Temple of Olympian Zeus

Athens, Greece

The Temple of Olympian Zeus is a former colossal temple at the centre Athens. It was dedicated to Olympian Zeus, a name originating from his position as head of the Olympian gods. Construction began in the 6th century BC (around 520 BC) during the rule of the Athenian tyrants, who envisaged building the greatest temple in the ancient world, but it was not completed until the reign of the Roman Emperor Hadrian in the 2nd century AD, some 638 years after the project had begun. During the Roman period the temple -that included 104 colossal columns- was renowned as the largest temple in Greece and housed one of the largest cult statues in the ancient world.

The temple's glory was short-lived, as it fell into disuse after being pillaged during a barbarian invasion in the 3rd century AD, just about a century after its completion. It was probably never repaired and was reduced to ruins thereafter. In the centuries after the fall of the Roman Empire, it was extensively quarried for building materials to supply building projects elsewhere in the city. Despite this, a substantial part of the temple remains today, notably sixteen of the original gigantic columns, and it continues to be part of a very important archaeological site of Greece.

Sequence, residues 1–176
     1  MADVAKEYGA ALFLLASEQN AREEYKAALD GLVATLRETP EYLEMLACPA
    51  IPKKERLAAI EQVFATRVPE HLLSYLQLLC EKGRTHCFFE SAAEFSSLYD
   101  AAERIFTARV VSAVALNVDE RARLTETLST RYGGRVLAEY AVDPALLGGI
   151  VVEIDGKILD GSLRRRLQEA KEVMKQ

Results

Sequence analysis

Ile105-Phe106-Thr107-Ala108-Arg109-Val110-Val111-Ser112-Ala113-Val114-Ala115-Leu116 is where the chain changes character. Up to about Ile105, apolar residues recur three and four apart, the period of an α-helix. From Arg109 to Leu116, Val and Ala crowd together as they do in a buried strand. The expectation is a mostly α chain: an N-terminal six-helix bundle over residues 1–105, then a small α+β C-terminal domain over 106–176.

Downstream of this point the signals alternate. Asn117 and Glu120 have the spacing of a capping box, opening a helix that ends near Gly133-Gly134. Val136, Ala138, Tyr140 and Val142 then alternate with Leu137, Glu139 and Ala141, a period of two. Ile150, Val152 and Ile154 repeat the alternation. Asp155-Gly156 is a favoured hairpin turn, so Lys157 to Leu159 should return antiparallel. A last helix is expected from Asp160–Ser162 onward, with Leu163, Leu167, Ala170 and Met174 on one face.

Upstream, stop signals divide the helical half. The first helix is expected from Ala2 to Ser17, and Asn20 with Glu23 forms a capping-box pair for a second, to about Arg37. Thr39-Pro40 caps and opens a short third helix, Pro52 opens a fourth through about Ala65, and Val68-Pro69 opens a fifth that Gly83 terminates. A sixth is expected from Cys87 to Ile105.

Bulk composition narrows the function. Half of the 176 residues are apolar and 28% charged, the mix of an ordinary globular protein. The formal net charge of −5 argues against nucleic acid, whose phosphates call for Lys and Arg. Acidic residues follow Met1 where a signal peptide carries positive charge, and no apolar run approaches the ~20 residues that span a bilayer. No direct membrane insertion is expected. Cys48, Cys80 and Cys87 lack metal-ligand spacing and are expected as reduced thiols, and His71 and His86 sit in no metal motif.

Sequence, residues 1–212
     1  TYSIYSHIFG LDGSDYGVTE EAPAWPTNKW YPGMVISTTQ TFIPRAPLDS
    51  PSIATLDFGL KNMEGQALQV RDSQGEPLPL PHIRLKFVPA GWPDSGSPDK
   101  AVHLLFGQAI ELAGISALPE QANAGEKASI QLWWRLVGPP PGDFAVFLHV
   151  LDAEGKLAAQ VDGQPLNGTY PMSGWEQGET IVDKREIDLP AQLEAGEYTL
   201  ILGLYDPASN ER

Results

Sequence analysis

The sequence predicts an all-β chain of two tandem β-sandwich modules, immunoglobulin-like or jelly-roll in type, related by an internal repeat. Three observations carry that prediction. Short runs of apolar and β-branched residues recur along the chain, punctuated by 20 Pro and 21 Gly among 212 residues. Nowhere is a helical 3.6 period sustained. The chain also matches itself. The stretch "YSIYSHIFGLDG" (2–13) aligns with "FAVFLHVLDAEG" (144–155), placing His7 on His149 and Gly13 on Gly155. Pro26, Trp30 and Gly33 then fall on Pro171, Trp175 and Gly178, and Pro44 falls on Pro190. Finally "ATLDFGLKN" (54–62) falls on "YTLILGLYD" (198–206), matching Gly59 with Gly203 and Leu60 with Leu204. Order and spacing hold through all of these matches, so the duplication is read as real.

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Founded: 520 BC
Category: Prehistoric and archaeological sites in Greece

Rating

4.6/5 (based on Google user reviews)

User Reviews

Alex (10 months ago)
Visiting this makes sense only if you have the combined ticket for seven landmarks (the 30 euros one). For 8 euros/ticket I expected some form of signage, information and illustrations.
Brian Ferris (10 months ago)
It's good. But I would not go out of my way to see it. Views from outside the gates are just as good as views from inside. Check it out if you're in the area. Don't feel bad if you missed it
Ken Inness (10 months ago)
You can pretty much see everything from outside the fence. Go if you already have the multiple-site ticket. Not much is left of the original construction.
Bruce Westgate (11 months ago)
Since my last visit 5 years ago access had been restricted to half the site. So, much of the interesting archeology was unreachable. However, it was great to see huge efforts going into preserving this one of a kind monument.
Harry Mimigiannis (12 months ago)
The beauty of the ancient history of this city is astonishing. It's difficult to realize that monuments like this have thousands of years of history and are still standing. Surely impressive for someone who passes by especially the first time.
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